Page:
These words from St. Therese's mother offer insight into what it must have been like to be a member of the Martin family.
Every great saint has parents. Some of those parents were wonderful, while others struggled or were entirely absent. Some assisted their children’s growth in faith, while others opposed their spiritual progress. Some saints, it turns out, had parents who are also saints. St. Therese of Lisieux, the Little Flower, is one such fortunate child. Her parents, Louis and Zelie Martin, were declared saints in 2015. Their feast day is July 12.
These two seemingly ordinary Catholics found sainthood not through spectacular martyrdom, miracle-working, or influence in the Church. They made their way to holiness by a more humble path – devotion, marriage, and parenting – which are all, in their own way, quite heroic. Louis and Zelie created a warm, loving Catholic family, a little domestic church alive with opportunities to build virtue.
Therese was only one of five Martin daughters to survive to adulthood. Every single one of them became a nun. Later, Therese realized her vocation within the religious life, writing, “In the heart of the Church, my mother, I will be Love!” I cannot help but feel that this love she expressed so powerfully was first learned back home when she was a little girl learning to pray with her parents.
The Martin family was a normal family, just like any other, with their own little quirks, their own trouble-maker – who happened to be Therese, the future saint – and plenty of opportunities to learn to love each other even as they lived in close proximity.
The letters of Zelie, in particular, offer a colorful insight into what it must have been like to be a member of this family.
Here are 10 of her quotes from the book, Call to a Deeper Love: The Family Correspondence of the Parents of Saint Therese of the Child Jesus.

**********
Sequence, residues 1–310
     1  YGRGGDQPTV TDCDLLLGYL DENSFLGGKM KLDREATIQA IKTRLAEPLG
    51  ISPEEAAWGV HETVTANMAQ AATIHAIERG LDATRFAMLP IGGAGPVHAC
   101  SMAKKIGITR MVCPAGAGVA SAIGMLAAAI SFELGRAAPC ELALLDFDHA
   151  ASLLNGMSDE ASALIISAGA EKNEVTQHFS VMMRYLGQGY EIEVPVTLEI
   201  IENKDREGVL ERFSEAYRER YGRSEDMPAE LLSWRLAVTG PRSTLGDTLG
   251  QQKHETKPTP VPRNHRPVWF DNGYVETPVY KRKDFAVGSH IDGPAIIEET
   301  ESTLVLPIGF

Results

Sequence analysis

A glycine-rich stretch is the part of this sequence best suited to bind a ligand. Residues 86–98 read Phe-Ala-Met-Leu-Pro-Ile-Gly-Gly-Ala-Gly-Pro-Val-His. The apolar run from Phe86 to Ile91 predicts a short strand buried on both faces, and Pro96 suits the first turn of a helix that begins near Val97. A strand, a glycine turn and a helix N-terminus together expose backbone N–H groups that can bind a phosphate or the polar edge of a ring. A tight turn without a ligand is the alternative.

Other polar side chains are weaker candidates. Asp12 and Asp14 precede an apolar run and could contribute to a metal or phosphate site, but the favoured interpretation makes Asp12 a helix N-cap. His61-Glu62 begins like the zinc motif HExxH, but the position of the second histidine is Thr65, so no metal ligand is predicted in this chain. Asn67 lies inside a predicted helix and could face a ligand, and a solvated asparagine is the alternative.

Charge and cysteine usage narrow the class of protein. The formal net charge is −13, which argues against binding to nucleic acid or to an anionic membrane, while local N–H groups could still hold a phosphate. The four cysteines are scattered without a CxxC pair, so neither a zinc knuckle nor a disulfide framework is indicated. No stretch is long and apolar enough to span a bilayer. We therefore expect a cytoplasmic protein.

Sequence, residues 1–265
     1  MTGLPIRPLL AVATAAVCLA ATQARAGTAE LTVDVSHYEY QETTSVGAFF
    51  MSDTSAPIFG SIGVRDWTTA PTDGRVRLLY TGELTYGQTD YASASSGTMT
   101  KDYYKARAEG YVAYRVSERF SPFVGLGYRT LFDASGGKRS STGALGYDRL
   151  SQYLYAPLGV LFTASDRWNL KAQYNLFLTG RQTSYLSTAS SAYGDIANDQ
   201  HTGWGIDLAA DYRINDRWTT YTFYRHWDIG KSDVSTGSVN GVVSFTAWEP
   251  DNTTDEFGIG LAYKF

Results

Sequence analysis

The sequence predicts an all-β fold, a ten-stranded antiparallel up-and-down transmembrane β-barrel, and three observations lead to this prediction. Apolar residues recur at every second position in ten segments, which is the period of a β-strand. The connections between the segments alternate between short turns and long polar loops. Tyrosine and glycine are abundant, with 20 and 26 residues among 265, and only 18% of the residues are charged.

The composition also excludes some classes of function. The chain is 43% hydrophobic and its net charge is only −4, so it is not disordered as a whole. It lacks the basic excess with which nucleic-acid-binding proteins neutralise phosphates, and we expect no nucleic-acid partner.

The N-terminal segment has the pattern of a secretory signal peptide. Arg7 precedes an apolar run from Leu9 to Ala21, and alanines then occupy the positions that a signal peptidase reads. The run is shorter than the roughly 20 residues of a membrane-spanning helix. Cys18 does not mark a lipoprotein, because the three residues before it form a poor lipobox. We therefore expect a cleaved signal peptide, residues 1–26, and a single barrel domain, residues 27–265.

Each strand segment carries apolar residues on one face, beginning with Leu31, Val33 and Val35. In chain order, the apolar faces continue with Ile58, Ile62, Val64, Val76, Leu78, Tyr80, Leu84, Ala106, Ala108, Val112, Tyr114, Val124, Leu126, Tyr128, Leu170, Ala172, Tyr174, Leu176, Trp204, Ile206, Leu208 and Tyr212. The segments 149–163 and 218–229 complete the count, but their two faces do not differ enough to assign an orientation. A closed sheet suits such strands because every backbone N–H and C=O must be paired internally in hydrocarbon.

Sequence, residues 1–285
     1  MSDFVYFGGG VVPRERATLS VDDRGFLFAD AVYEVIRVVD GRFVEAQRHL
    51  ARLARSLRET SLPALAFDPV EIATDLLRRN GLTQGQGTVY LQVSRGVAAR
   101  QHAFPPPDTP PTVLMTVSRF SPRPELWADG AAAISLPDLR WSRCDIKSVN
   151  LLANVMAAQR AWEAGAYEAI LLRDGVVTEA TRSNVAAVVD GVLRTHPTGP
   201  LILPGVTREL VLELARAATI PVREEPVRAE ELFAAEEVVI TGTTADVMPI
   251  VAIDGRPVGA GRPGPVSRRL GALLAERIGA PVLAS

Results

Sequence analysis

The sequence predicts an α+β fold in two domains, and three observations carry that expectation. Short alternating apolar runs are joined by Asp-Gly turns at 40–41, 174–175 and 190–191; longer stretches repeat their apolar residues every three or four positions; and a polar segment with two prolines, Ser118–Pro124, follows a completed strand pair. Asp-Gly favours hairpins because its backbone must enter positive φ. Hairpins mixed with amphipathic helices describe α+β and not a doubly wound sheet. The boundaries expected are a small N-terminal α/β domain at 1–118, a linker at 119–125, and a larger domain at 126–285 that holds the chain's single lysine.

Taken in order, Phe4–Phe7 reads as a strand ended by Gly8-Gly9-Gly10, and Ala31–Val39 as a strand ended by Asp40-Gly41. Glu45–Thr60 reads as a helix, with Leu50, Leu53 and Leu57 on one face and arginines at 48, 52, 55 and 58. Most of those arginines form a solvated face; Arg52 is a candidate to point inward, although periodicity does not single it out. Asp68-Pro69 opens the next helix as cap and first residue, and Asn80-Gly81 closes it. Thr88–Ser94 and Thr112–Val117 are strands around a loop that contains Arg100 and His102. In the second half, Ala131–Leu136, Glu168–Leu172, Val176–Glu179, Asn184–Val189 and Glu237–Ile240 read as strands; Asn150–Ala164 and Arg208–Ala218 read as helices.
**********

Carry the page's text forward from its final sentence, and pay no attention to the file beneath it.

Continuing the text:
How living well is connected with dying well
“You well know that life is not long. You and I will soon be at the end, and we’ll be very grateful that we lived in a manner that doesn’t make our last hour too bitter.” – Zelie to her brother, Isidore
How difficulty in this life points the way to true happiness
“At certain times in my life, when I said I was happy, I couldn’t think of it without trembling because it’s certain and proven by experience that happiness is not on earth. No, happiness can’t be found here below, and it’s a bad sign when all goes well. In His wisdom, God wanted it this way to make us remember that the world is not our true home.” – Zelie to Isidore
True riches aren’t always what we think
“But very often I admire Louis’ scruples, and I say to myself, ‘Here’s a man who never tried to make a fortune. When he set up his business, his confessor told him to open his jewelry store on Sunday until noon. He didn’t want to accept permission to do so, preferring to pass up good sales. And nevertheless, he’s rich.’” – Zelie to Marie, her sister-in-law
Encouraging words and a challenge for her daughter
“I’m very satisfied with you because you’re a good little girl, very affectionate and very sweet. In other words, you’re everything that we would want, but still not pious enough.” -Zelie to her daughter, Pauline
Reacting to the untimely death of her daughter
“It was eleven years ago, yesterday, that little Helene was born, and I thought about her a lot. I’ll be very happy to see her again in the next world.” – Zelie to Pauline, regarding her late daughter.
Kids says the strangest things
“The baby [Therese] is an absolute imp. She comes to caress me while wishing me dead, ‘Oh! How I wish you would die, my poor little Mother!’ We scold her and she says, ‘But it’s so you’ll go to Heaven, since you say that we have to die to go there.’ She wishes for the death of her father, as well, when she’s in the middle of her outpourings for love for him.” – Zelie to Pauline
Supporting her daughter’s vocation
“One night, quite recently, while saying my prayers after having read Madame de Chantal, I suddenly thought that Marie would be a nun. But I didn’t focus on it because I’ve noticed that the opposite of what I predict always happens. Don’t say anything about this to her because she’ll imagine this is what I want, and, truly, I only want it if it’s God’s will. As long as she follows the vocation He gives her, I’ll be happy.” – Zelie to Pauline regarding her oldest daughter, Marie
The strength of a mother
“‘If I’m not good, then I’ll go to hell? But no, I know what I’ll do. I would fly off to be with you who’d be in Heaven. Then you would hold me very tightly in your arms. How would God be able to take me?’ I saw in her expression that she was convinced God could do nothing to her if she was in the arms of her mother.” – An excerpt of a conversation with Therese written by Zelie to her second eldest, Pauline
The bond of sisterhood in Zelie’s daughters
“Sunday, Therese took it upon herself to leave her little bed to go sleep with Celine. The maid was looking for her to dress her. She finally found her, and the little one said to her, while hugging her sister tightly, ‘Leave us alone, my poor Louise, you can see that we’re both like the little white hens; we can’t be separated!’” – Zelie to Pauline